During my years as a locomotive engineer for CP, I lived this scenario several times. Depending on who the supervisor was, sometimes I was willing to believe it was a breakdown in communication, with other supervisors, I felt it was a deliberate attempt to ignore the working agreement.



Date: 11/27/19 03:22
Re: Recording of CN Ordering Fatigued Conductor to Work
Author: hoggerdoug

On BC Rail, our agreement read crews entitled to "rest or relief" on the tenth hour on duty. When CN tookover, most of their RTC's and Management were used to the Federal 12 hour clause and tried to apply it to BC Rail crews and disregarding our 10 hour clause in the Collective Agreement. There were some rather heated discussions between crews and the RTC interpreting the BC Rail rest clause. To the best of my knowledge and from personal experience, no crews were ever taken out of service for invoking the 10 hour clause. I must give the CN Conductor kudos in the radio recording for keeping his cool on the radio even though he was probably seething with anger and frustration.

On the other side of the coin, we had some crews willing to work over the 10 hour rest clause by requesting "a new day", in other word violating the collective agreement and getting an extra day pay to work beyond the tenth hour. The Union dealt with this matter and it came to an end.

Doug



Date: 11/27/19 06:43
Re: Recording of CN Ordering Fatigued Conductor to Work
Author: eminence_grise

hoggerdoug Wrote:
-------------------------------------------------------

> On the other side of the coin, we had some crews
> willing to work over the 10 hour rest clause by
> requesting "a new day", in other word violating
> the collective agreement and getting an extra day
> pay to work beyond the tenth hour. The Union dealt
> with this matter and it came to an end.
>
> Doug

One day in the 1980's, I ended up on Via 1, stuck behind a mud slide and on duty for about 18 hours. I had a road foreman (supervisor) riding with me. We were still using paper wage tickets. He said, "Sign and stamp a blank ticket, and I will take care of it". I forget what I was paid but it was far in excess of what my wage claim would have been.
It was then that I learned that company officers could generate wage claims which were paid without question.

Fast forward twenty years, and wage claims were computer generated. Someone was in a similar situation to me in regard to time on duty, and discovered that supervisors could still generate extra pay, usually another minimum day (100 miles). This was at a time when many crews were running out of time, and this emergency pay became almost frequent.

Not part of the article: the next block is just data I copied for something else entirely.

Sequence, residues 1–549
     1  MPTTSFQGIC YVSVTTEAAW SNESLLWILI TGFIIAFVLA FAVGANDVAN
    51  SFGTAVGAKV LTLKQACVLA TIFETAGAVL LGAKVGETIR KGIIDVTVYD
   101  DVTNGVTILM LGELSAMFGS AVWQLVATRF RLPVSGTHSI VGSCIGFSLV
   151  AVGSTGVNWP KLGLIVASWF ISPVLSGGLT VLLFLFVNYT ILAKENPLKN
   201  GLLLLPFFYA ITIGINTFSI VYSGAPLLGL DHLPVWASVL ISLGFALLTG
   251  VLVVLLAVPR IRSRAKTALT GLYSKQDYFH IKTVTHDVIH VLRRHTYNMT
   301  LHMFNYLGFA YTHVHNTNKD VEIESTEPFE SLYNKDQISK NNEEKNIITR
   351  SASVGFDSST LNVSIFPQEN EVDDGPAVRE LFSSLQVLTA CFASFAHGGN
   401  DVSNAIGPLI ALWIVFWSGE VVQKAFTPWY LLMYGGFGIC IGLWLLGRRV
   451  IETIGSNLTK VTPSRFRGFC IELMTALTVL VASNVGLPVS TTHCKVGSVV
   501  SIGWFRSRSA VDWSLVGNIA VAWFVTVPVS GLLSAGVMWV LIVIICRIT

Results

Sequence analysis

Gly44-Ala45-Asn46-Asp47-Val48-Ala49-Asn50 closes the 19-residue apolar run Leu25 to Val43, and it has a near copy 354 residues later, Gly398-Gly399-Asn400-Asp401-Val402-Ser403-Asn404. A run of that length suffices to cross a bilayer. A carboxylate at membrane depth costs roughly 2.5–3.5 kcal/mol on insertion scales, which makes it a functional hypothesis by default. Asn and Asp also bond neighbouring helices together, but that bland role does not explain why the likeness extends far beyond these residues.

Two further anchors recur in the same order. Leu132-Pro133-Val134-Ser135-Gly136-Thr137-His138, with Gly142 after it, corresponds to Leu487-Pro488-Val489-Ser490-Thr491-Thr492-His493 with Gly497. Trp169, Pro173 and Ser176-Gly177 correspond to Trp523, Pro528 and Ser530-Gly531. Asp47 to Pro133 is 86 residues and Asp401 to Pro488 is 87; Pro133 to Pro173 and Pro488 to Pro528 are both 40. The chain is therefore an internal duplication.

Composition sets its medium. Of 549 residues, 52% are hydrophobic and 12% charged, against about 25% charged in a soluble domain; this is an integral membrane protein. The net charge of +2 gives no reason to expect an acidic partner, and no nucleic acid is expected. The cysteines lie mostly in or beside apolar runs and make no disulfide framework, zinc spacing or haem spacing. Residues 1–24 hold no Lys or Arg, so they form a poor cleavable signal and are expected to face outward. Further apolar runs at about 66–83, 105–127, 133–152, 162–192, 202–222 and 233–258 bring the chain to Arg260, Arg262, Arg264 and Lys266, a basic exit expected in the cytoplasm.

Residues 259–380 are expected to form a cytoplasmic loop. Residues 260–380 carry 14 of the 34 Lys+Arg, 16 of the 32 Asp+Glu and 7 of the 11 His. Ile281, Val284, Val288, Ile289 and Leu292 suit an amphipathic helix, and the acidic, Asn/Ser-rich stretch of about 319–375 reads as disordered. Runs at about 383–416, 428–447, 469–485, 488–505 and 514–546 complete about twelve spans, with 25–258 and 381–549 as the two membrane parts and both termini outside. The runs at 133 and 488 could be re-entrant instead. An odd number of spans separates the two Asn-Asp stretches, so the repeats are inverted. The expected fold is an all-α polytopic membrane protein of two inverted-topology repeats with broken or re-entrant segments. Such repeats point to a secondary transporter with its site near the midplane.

Soon, crews were saying they would work over their 10 hours for a minimum day extra pay on the radio. Fearing that this would become a frequent practice, both the union and company put an end to the practice. Sadly, those truly deserving extra pay in unusual circumstances no longer were paid. 

In a similar way, there is a Federally mandated "penalty payment" for any service performed after the 12 hour maximum service day. The 12 hour law mandates that the engineer no longer be at the controls of the locomotive, nor the conductor in charge of the train in terms of operating authority.  Non "safety critical' duties such as securing handbrakes can still be performed after 12 hours on duty. Part of this is to ensure the employees are still "working" in reference to Workers Compensation Claims. I believe the "penalty payment" is a minimum day (100 miles), however in these cases, penalty pay is reported to Transport Canada and the railway may be questioned why they required employees to work beyond twelve hours. 

In an important case on CP, a supervisor told a crew to leave a train unsecured. What he didn't do was ensure someone else would secure the train. The supervisor was fired and subsequently convicted of failing to ensure the train was secured. All that to ensure he did not have to authorize a penalty payment.



Edited 2 time(s). Last edit at 11/27/19 09:45 by eminence_grise.



Date: 11/27/19 08:44
Re: Recording of CN Ordering Fatigued Conductor to Work
Author: Lackawanna484

Giving front line managers and supervisors enough latitude to get the job done is a key element of managing successfully. And, having your staff know the boss has their back is the other side of that process.

Sadly, both parts are long gone in many places.